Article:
Biden Has ‘Clear Mandate,’ Aides Say as Electoral College Votes
(Bloomberg) -- President-elect Joe Biden will enter the White House with a “clear mandate” from the American people, his top advisers said as they took a victory lap to detail his win just before the Electoral College votes Monday to secure his victory.
Even as President Donald Trump and his supporters continue to reject the outcome, Biden’s team expressed confidence that the president-elect will be able to turn the page and follow through on his campaign pledge to unify the country and keep his promises, beginning with fighting Covid-19 and providing economic relief.
“Joe Biden won decisively and has a clear mandate to lead this country,” campaign manager Jen O’Malley Dillon, who’ll join the Biden White House as deputy chief of staff, said during a Sunday press briefing. “If you look across any metric that we could put together, and in the context of history, it is hard to see anything but a historic victory for the president-elect.”
Biden’s Electoral College win, 306 votes to Trump’s 232, will be formalized as electors in each state vote on Monday. He plans to address the nation in the evening about the vote and “the strength and resilience of our democracy,” his transition office said.
Even though the outcome has been decided and more than 50 post-election lawsuits challenging the results by Trump’s campaign and its allies were rejected, the president and some of his supporters continue to say he won, based on groundless claims of widespread voter fraud.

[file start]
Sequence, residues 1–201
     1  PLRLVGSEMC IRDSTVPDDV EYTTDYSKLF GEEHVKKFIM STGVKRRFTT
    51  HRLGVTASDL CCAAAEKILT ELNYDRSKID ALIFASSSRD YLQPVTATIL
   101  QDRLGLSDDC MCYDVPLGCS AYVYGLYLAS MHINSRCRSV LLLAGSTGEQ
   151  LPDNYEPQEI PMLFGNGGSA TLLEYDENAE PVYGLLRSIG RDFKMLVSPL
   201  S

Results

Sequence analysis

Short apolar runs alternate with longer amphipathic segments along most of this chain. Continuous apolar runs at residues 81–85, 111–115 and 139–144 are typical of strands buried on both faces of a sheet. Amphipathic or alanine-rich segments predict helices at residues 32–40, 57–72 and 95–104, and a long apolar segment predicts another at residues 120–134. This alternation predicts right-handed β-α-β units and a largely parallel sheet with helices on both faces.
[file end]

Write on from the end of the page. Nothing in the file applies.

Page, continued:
Trump said he’ll continue with legal challenges even after the U.S. Supreme Court on Friday rejected a bid by Texas to nullify the election results in four pivotal states.
Campaign chief strategist Mike Donilon pointed to a post-election poll from Gallup that put Biden’s approval rating at 55%, even as many Republican lawmakers, including Senate Majority Leader Mitch McConnell, haven’t publicly acknowledged the Democrat as president-elect.
“There’s a very strong story that is running through this country, which is the country wants to come together. And the president-elect is determined to lead the country to do that,” said Donilon, who’ll be a senior White House adviser.
He predicted that some congressional Republicans will choose to cooperate: “It’s going to be in the interest of the country, it’s going to be in their own self-interest, to get on board and not to get in the way.”
The Democrat’s win came amid record turnout, with more than 158 million votes cast. Biden drew over 7 million more votes than Trump, giving him a 4.5 percentage point victory, the largest margin for a challenger over an incumbent president since Franklin Delano Roosevelt’s 1932 win over Herbert Hoover.
“I know there’s 74 million folks who voted for Trump -- and there are 81 million who voted for Biden,” Donilon said with a slight laugh.
Biden’s ability to put new states, like Georgia, in play for Democrats may extend to future elections, O’Malley Dillon said. He was the first Democratic presidential candidate since the 1990s to win both Arizona and Georgia, and he narrowed Trump’s 2016 margins against Hillary Clinton in Texas and North Carolina.
O’Malley Dillon said Biden raised more than $800 million online from 5.7 million grassroots supporters whose average contribution was $38. In all, more than 2 million people volunteered for the campaign, which at its peak had nearly 4,000 staff, making more than 28 million voter interactions.
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